“Most of them know each other. They are ringing one another from each side of the divide to arrange the clashes.
“At present there is no deterrent. The easiest way I can see to stop it is for police to arrest them – if not at the scene then use police cameras to record evidence and arrest them later. Otherwise there is a danger this is just going to escalate as the summer months approach.”
The police said they were aware of antisocial problems in the area and were working to combat these incidents and resolve the situation.
“The vast majority of those involved in these stone-throwing incidents are youths,” Chief Inspector Amanda Cooke said.
“Our response to these incidents must be proportionate and police have attended when incidents have been reported and ensured that calm is restored.
“Safety of the public is of the utmost importance and we will always take appropriate action to ensure this when necessary. We will continue to work hard to tackle these issues.”
THE trial in Dublin of four men accused of INLA membership has heard that three knives, duct-tape and cable ties were found in the coal-shed of a house that two of the accused men had entered.
Strabane men Edward McGarrigle (43), of Melmont Gardens, and John McCrossan (47), of Ballycoleman Estate, along with Gerard Kelleher (28), of Cathedral View Walk, Kevin Street, Dublin, and Neil Myles (54), of no fixed abode, have all pleaded not guilty to membership of an illegal organisation on February 22 last year.
Earlier, Gareth Dunne (23), of Clonard Road, Crumlin, in Dublin, pleaded guilty to the offence on the same date and was remanded for sentencing.
Opening the trial at the Special Criminal Court, prosecuting counsel Mary Ellen Ring SC said a number of witnesses would tell the court that the four accused were seen at meetings held in Dublin and Cork between August 2007 and February 2008.
She said the court would hear that Mr Dunne and Mr Kelleher were arrested in premises in Cork and Mr Dunne was found with a pair of tights while Mr Kelleher had a nylon stocking, a pair of gloves and a black refuse sack.
A coalshed was also searched and a black-handled knife, duct tape, cable ties and two other black-handled knives were found.
Ms Ring claimed the men had met for the purposes of carrying out a criminal enterprise and that meetings beforehand were preparatory to that.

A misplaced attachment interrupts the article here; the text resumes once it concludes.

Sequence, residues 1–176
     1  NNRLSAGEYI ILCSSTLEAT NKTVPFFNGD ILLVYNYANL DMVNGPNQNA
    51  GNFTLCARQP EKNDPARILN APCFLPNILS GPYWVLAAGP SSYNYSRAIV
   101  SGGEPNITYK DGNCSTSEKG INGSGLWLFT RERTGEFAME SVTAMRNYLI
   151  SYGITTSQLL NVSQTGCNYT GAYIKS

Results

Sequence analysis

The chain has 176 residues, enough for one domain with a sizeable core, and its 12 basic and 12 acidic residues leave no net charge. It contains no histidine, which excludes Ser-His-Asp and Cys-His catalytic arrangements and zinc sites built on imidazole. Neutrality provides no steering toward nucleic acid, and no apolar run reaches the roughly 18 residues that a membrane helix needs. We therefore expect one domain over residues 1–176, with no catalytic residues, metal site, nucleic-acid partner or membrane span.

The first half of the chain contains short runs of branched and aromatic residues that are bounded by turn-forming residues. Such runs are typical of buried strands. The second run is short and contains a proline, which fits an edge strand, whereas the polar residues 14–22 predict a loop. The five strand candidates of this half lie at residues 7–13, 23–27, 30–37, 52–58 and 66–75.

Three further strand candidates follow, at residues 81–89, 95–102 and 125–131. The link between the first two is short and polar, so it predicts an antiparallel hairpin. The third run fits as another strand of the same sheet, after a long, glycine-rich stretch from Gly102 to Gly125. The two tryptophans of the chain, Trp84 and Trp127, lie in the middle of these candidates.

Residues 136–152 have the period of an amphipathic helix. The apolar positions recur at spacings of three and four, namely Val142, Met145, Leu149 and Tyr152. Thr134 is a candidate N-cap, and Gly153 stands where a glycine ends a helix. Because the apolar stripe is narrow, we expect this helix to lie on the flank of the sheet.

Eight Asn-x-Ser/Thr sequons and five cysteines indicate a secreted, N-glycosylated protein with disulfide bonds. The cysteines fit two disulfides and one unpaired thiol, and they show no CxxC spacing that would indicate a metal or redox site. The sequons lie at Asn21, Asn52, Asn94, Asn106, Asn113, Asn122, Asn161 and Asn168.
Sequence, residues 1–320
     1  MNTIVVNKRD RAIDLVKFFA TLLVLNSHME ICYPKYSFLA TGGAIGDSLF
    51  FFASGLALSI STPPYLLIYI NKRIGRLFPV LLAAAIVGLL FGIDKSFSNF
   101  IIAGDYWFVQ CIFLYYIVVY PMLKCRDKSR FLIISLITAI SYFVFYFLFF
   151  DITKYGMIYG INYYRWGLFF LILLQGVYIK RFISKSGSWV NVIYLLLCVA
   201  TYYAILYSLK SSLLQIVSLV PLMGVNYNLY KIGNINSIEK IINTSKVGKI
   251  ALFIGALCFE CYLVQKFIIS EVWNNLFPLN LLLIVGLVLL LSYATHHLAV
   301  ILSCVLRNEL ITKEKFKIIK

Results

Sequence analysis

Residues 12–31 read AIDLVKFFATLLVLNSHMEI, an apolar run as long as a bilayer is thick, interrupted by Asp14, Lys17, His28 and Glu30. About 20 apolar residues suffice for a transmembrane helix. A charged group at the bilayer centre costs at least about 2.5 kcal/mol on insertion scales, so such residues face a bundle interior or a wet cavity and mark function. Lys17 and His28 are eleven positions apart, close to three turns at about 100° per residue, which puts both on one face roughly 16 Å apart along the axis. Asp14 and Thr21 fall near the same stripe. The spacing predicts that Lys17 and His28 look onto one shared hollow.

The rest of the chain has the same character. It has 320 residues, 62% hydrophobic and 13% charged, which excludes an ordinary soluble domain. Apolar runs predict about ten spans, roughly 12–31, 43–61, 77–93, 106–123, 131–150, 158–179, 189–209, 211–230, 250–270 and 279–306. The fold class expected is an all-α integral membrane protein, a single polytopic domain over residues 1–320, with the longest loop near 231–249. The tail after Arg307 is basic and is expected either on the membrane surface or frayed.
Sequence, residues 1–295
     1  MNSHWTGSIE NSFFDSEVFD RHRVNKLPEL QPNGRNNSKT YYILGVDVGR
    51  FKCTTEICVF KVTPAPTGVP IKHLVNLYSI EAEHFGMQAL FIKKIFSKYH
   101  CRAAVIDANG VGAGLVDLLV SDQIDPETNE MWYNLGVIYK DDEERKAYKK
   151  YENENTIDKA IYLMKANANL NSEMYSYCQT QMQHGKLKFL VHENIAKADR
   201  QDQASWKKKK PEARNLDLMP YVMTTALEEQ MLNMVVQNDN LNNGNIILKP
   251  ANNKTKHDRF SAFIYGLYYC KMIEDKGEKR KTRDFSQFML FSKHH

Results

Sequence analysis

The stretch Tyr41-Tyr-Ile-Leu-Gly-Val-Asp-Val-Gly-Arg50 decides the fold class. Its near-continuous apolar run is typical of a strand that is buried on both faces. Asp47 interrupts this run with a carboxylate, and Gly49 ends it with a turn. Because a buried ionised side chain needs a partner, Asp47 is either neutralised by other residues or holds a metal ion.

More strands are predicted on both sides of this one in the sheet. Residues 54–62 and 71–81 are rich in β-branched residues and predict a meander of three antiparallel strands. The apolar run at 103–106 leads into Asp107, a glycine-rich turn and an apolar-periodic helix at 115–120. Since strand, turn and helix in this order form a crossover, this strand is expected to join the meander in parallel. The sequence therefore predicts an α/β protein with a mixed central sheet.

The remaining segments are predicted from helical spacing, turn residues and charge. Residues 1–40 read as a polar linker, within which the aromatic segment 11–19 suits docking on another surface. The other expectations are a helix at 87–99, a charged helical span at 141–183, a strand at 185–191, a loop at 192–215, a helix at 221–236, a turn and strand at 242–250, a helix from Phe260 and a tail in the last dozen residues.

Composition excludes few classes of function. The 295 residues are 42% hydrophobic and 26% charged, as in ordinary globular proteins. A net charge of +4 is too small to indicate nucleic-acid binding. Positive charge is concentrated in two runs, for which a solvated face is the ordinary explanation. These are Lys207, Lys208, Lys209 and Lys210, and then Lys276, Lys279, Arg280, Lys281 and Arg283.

The trial continues.
BY Valerie Robinson
Sinn Fein has drafted legislation aimed at saving the buildings where leaders of the 1916 Easter Rising staged their final stand.
Moore Street in Dublin city centre is part of a redevelopment plan worth €1.25 billion (£1.1 billion) that would see the old Carlton cinema site and surrounding area changed into office, residential and retail outlets.
Campaigners have said the plan would have a devastating impact on 16 Moore Street and adjacent buildings used as the final headquarters of the provisional government after rebel leaders fled the General Post Office during the Easter Rising.
Yesterday Dublin South Central Sinn Fein TD Aengus O Snodaigh launched the Local Government (Planning and Development) (Amendment) Bill 2009 which is designed to safeguard the buildings.
“The significance of 16 Moore Street and its surrounding buildings in Irish historical terms cannot be underestimated,” he said.
“It would be an absolute travesty if these buildings were to be demolished as part of the plans to develop this quarter.
“In most other countries the destruction of such a site would be unthinkable yet we are faced with a very grave threat to this site despite it being named as a national monument.
“Sinn Fein has proposed the development of a historical and cultural quarter at this site to be associated with the 1916 Rising and linked to the GPO on O’Connell Street.”
Sinn Fein has no Dail slot to table a private member’s bill so it is calling on opposition parties to share their time to put forward its bill.
The Republic’s planning authority, An Bord Pleanala, has been holding hearings on the development plan.
The board heard this week that the proposed measures could have an adverse impact on many protected structures in the area.
The developer, Chartered Land, said the plan would make a “positive” contribution to the city.
By Allison Morris
LURGAN republican Colin Duffy, who is on remand in Maghaberry jail charged with murdering two soldiers in Antrim, may stand as a candidate in the forthcoming European elections.
The 41-year-old is expected to contest the June election in protest at the introduction of 28 days detention under the reformed Terrorism Act following his arrest last month in connection with the gun attack on Massereene army base.
The former IRA prisoner had been held for 13 days before being charged with the dissident republican ambush.